Books. Newspapers. Magazines. The discussion around habits keeps popping up. I decided to dive into another book on the topic, Atomic Habits: An Easy & Proven Way to Build Good Habits & Break Bad Ones by James Clear.
Usually, a book’s introduction is worth skipping, but here, you’ll find the reason for James’ journey, which started with a terrible freak accident. His description does make you groan a little. He shares how a teammate had unintentionally let go of a baseball bat, which turned into a missile, smacking him in the head. It’s amazing that James lived.
Jumping forward in the introduction, you hear how habits became a key part of his growth. He writes that little habits helped him work through the accident’s long-term aftermath … especially during college.
“A habit is a routine or behavior that is performed regularly—and, in many cases, automatically. As each semester passed, I accumulated small but consistent habits that ultimately led to results that were unimaginable to me when I started.”
So, why is everyone talking about habits? Habits are powerful. They can empower you and me to progress or even regress.
In a summary of a study on habits and health, the US National Library of Medicine states that, “A growing literature demonstrates the relevance of habit-formation principles to health.”
The summary later states, “We suggest that professionals could consider providing habit-formation advice as a way to promote long-term behaviour … .”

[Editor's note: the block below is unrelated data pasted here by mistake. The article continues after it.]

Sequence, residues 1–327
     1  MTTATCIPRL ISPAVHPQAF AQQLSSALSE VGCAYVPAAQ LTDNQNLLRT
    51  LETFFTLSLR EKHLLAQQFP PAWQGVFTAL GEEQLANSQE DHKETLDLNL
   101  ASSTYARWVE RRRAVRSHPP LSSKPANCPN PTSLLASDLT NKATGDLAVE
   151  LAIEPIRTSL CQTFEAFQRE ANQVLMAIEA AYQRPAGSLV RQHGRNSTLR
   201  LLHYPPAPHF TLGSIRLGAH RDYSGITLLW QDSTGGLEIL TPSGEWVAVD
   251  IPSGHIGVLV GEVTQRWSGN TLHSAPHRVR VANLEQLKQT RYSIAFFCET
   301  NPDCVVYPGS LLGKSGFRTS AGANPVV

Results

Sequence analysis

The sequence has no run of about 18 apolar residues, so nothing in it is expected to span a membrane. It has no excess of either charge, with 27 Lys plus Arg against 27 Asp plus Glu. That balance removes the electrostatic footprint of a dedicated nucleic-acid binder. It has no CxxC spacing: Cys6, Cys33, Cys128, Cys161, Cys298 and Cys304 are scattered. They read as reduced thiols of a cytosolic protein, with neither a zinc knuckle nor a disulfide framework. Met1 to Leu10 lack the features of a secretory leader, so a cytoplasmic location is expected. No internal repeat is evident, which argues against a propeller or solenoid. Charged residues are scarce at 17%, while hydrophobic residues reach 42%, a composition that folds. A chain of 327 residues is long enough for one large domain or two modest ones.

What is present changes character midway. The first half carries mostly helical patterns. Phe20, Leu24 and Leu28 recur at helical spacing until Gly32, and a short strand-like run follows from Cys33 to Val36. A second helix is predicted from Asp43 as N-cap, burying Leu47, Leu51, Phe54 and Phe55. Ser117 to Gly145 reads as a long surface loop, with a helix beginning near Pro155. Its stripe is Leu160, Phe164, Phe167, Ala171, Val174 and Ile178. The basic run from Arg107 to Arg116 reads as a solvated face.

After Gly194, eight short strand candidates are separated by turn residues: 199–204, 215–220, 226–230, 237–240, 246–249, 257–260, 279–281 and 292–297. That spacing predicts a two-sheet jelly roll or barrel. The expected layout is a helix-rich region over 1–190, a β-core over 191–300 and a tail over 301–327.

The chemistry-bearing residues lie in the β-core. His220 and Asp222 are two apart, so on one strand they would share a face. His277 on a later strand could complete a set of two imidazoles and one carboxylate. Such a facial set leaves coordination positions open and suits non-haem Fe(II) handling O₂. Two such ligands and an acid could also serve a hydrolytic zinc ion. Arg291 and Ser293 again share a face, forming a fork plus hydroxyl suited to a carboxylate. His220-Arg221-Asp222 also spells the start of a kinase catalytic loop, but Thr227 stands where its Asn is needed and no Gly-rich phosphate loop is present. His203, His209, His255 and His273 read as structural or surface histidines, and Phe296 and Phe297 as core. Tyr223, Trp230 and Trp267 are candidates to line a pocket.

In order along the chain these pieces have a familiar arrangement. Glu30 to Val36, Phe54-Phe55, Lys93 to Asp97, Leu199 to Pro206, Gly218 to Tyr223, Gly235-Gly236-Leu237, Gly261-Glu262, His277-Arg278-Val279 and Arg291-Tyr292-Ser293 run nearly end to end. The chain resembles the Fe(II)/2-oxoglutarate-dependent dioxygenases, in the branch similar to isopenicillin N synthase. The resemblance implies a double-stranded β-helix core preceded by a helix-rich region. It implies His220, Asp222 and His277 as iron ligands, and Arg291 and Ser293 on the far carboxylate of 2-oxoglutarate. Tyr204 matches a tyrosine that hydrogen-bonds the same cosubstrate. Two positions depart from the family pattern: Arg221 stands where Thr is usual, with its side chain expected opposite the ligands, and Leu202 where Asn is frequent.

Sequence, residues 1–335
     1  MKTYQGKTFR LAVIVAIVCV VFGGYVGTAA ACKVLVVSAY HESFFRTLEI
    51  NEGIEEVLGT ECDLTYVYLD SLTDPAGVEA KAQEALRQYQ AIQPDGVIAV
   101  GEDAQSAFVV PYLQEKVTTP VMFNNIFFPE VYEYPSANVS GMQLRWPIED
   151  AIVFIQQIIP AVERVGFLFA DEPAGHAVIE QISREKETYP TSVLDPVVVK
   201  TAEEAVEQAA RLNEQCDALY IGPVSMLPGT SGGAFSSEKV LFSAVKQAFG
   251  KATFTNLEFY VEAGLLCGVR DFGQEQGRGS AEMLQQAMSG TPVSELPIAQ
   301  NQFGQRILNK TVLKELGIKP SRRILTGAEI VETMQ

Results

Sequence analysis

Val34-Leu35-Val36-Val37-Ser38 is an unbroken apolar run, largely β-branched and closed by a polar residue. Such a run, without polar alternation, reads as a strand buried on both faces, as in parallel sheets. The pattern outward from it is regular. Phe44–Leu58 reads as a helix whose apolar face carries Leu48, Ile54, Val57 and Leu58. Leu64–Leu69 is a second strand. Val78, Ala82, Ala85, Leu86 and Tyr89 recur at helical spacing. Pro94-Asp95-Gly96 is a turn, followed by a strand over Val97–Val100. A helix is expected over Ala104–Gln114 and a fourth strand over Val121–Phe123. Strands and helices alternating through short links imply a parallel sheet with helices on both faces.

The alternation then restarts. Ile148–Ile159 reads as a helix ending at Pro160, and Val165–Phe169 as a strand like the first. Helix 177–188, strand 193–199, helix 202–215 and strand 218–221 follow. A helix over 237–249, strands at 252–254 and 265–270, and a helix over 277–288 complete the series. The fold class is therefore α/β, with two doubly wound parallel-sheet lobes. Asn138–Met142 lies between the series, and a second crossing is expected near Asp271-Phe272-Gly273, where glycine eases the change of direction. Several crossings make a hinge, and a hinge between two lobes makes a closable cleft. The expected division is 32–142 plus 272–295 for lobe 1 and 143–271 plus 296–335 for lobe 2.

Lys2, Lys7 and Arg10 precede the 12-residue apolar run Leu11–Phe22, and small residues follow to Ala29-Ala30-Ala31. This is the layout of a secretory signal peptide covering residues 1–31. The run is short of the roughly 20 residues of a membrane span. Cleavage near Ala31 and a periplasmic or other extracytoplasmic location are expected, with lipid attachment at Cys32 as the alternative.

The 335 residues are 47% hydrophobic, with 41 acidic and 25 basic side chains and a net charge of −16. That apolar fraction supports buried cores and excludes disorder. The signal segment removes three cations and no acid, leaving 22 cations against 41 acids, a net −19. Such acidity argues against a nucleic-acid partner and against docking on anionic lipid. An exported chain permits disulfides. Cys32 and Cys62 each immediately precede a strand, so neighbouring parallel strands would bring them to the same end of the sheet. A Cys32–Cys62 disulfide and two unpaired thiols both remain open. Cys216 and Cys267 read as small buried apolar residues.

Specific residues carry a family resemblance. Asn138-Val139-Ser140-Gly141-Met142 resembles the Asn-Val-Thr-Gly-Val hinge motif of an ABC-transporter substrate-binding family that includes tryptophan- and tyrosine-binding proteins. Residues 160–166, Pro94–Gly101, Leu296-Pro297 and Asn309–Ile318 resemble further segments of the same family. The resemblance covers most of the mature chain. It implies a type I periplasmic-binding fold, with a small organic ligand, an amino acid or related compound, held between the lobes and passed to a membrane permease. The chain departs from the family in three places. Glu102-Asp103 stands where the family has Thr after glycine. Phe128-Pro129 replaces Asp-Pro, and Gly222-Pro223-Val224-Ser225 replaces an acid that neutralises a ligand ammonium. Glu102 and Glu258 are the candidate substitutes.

Another way to say it—use habits to improve your health. So, shall we? Let’s talk habits by highlighting the two-minute concept from James Clear.
Pick a Goal. Build a Habit to Get You There!
You might be getting ready for an overseas trip that requires lots of walking. Maybe you’re planning to attend your class reunion. Or, you’d like to keep up with the grandkids this summer.
To get ready, you pick a goal of walking three or four times a week for 30 minutes. Instead of mustering up the willpower to throw yourself in—which we’ve all experienced how this approach usually doesn’t work—use the two-minute rule. As an example, let’s outline what you might do to reach this goal of walking three or four times per week.
Break the goal into small steps for two minutes each:
- Lay out workout clothes and walking shoes the night before. Two minutes and done!
- Come home from work. Put on workout clothes and shoes. Set timer on phone/watch and walk for two minutes. Seriously, if all you have energy for that day … just walk two minutes. If you have more energy, walk a little longer, but the goal isn’t “getting that walk in.” The immediate goal is to build a habit through frequent practice. The frequency eventually leads to the long-term and larger goal of walking three or four times per week.
- Go back to the house. You’re done! Get on with your evening.
- Before bed, remember to layout the workout clothes and shoes again.
Second Day and On:
- Do the same routine all week. Then add the two more minutes to your walk time the next week.
The process might seem almost silly. Remember, it’s about doing the steps frequently. I’ll let James explain.
“People often think it’s weird to get hyped about reading one page or meditating for one minute or making one sales call. But the point is not to do one thing. The point is to master the habit of showing up. The truth is, a habit must be established before it can be improved. If you can’t learn the basic skill of showing up, then you have little hope of mastering the finer details. Instead of trying to engineer a perfect habit from the start, do the easy thing on a more consistent basis. You have to standardize before you can optimize.”
I recently worked with a client using this very process. We defined the goal and timeline. We outlined the steps for creating habits. How about you? Would you benefit from someone helping you outline a habit-building plan? Give me a call or drop me an email.